School rivalry emerges in story of bygone schools


By Rhonda Bletner - [email protected]



While historic photos are available of the old brick school no longer extant, nothing portrays the two schools mentioned in this story; and even in 1884, the structures were already gone.

While historic photos are available of the old brick school no longer extant, nothing portrays the two schools mentioned in this story; and even in 1884, the structures were already gone.


BELLVILLE — A length article about the school reunion populated an 1884 issue of The Bellville Star and with graduation approaching, it’s appropriate to share it here. An excerpt of the story is shared below.

1854-1884 Thirty Years Ago

Judge Moses R. Dickey taught the Bellville High School, and this evening, Aug. 21, 1884, the surviving scholars of the class of 1854, held a reunion at the residence of Mr. And Mrs. John W. Zent, to renew old acquaintances and to rehearse the Commencement exercises of that year.

The house was lit up with tallow candles such as illuniated the school house thirty years ago and the time-honored tray and snuffers were on hand. The toilets of the ladies were in the fashion of 1864, some wearing the identical dresses worn by them at that time.

Judge Dickey being absent, Mrs. Maria (Patterson) Lafferty, (the only teacher of that day present) took charge of the school.

[A list of the students’ names followed. It was actually a roll call with students solemnly responding)

Maria (Patterson) Lafferty read her essay (with a candle held by Mary (Bowles) Edwards):

“Most of the incidents called up at this reunion gather around the high school of 1854, taught by Prof. Dickey, now of Cleveland, Ohio. Quite a number of his former pupils are represented in person, and some of the absent are remembered by their letters or essays. Your memories cluster around the school building in ‘Lower Canada’ [recalling the Bellville schools’ rivalry], standing on what is now a vacant lot on the corner of Ogle and Markey Streets. Mrs. Lucy Oldfield taught in the lower room, while you pupils were in that high school room under surroundings of happiness and security.

“Lyons roamed through Upper Canada. Prof. Lyons ought to be held in high esteem tonight for he taught in the high room in Upper Canada.

You have seen fit to give me, a teacher in the Primary Department of Upper Canada in 1854, a place on the program this evening, and I trust, a small place in your memories of those happy days.

“That school was taught on the lot where Mrs. Young low lives, on South Bell Street. To my knowledge not a vestige of that building remains. We can gather in our fancy this evening, enough kindling wood from its trusty old timbers to kindle memory’s fire afhresh. My wpupils, whose names come to first, are: Ellie Bowers, Hettie Wilcox, Ann Bailey, Porter and James Whitten, Israel and Ed Moody, Allie and Clark Flaharty, I cannot take time to mention all.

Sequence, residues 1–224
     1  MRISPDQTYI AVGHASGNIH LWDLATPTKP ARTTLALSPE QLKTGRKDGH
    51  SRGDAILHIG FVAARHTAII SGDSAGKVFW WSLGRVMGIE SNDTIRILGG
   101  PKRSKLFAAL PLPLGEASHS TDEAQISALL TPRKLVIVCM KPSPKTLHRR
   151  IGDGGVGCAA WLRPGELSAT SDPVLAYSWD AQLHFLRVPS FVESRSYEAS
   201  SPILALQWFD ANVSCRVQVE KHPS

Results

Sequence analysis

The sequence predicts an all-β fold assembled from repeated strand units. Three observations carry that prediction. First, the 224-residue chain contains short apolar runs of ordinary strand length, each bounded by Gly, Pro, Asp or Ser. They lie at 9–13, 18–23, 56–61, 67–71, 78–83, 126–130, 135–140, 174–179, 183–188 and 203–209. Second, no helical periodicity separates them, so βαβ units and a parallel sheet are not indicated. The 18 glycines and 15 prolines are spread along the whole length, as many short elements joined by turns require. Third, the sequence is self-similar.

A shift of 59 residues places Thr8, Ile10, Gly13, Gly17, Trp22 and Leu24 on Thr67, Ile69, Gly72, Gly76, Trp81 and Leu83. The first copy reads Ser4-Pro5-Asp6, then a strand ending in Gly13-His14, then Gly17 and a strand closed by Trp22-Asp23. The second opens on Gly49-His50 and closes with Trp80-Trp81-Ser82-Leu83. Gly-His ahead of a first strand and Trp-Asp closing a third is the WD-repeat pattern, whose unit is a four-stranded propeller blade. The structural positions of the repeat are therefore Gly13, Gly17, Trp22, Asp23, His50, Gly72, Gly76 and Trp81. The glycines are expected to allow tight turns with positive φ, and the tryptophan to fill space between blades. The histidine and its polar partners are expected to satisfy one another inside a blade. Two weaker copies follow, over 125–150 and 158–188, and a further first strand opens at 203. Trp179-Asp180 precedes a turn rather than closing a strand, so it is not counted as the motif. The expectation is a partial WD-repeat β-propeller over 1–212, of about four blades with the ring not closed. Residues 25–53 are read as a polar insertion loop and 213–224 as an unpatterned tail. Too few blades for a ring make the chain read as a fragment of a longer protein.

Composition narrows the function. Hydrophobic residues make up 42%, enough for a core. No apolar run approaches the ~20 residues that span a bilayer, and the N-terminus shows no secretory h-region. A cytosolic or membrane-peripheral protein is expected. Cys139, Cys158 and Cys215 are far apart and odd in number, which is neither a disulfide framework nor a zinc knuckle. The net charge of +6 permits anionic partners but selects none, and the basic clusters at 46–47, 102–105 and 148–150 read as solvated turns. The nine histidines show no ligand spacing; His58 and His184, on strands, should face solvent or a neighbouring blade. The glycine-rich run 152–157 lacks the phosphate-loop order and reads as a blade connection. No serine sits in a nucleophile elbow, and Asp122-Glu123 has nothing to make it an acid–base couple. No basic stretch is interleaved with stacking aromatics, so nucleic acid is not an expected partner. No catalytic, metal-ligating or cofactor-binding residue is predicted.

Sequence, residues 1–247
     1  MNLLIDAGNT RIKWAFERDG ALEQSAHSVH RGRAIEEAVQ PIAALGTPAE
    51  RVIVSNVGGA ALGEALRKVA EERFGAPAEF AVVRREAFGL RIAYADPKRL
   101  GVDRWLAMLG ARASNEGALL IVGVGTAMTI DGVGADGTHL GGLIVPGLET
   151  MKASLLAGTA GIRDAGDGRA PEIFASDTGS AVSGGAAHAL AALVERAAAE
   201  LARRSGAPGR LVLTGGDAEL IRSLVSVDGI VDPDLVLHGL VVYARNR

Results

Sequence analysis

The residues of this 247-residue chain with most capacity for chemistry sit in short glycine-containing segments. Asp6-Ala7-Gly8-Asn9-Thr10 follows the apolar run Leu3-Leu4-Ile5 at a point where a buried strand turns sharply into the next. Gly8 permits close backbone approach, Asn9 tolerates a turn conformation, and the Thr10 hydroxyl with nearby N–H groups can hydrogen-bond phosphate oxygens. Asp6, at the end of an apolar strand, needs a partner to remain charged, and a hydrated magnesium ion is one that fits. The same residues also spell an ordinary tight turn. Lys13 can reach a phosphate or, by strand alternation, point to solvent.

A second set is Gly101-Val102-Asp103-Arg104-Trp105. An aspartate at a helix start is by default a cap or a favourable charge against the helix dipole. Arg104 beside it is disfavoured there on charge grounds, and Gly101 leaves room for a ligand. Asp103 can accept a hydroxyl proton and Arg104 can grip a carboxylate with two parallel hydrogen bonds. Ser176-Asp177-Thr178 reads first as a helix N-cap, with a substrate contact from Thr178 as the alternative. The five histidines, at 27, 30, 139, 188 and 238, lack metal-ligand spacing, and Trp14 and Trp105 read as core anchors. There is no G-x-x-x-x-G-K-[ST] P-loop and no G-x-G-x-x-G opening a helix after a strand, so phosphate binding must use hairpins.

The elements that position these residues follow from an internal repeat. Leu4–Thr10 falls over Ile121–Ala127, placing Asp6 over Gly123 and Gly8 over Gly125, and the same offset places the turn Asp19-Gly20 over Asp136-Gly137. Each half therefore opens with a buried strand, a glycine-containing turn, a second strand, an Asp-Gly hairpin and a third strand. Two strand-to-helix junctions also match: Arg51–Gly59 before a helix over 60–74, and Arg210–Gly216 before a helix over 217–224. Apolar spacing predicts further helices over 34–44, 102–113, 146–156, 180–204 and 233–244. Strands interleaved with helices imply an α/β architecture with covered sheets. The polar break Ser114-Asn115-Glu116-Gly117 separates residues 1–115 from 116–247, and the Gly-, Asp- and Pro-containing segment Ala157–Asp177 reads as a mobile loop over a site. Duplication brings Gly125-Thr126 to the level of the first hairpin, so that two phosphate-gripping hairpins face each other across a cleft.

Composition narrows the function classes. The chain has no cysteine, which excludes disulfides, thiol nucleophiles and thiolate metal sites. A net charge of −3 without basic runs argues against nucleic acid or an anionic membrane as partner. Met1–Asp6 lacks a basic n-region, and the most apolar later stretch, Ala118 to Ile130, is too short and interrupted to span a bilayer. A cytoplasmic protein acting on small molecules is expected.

“We teachers of that day did the best with what we could with our appliances which consisted mainly of a rough blackboard, an unvarnished desk, straight backed unpainted seats, a wooden fire shovel and a bunch of the rods of correction, which served as lightening rods’ and the lightening generally struck the disobedient scholar. We had few or no maps and charts. Now, with our large brick school house, and a deep tomed bell in the belfry, and a coal furnace in the basement, with patent desks and chairs, with handsome clocks, globes, maps and charts, and a recitation room, which for artistic finish, ought to be styled a reception room,—with all these, they have never improved on the good old way of getting an education…”

Her reminiscences continued in the program as did essays and letters from former students, music, and a poem by Sarah (Gurney) Thrailkill, which began, “We’ve me tonight dear schoolmates, and in the days of yore, when together we attended school in the year of ’54. Roll back the scroll, dear schoolmates, full thirty years tonight, and view again our school days in the bright cheery light…”

While historic photos are available of the old brick school no longer extant, nothing portrays the two schools mentioned in this story; and even in 1884, the structures were already gone.
https://www.galioninquirer.com/wp-content/uploads/sites/38/2022/05/web1_thumbnail_Max-Stahl2.jpgWhile historic photos are available of the old brick school no longer extant, nothing portrays the two schools mentioned in this story; and even in 1884, the structures were already gone.

By Rhonda Bletner

[email protected]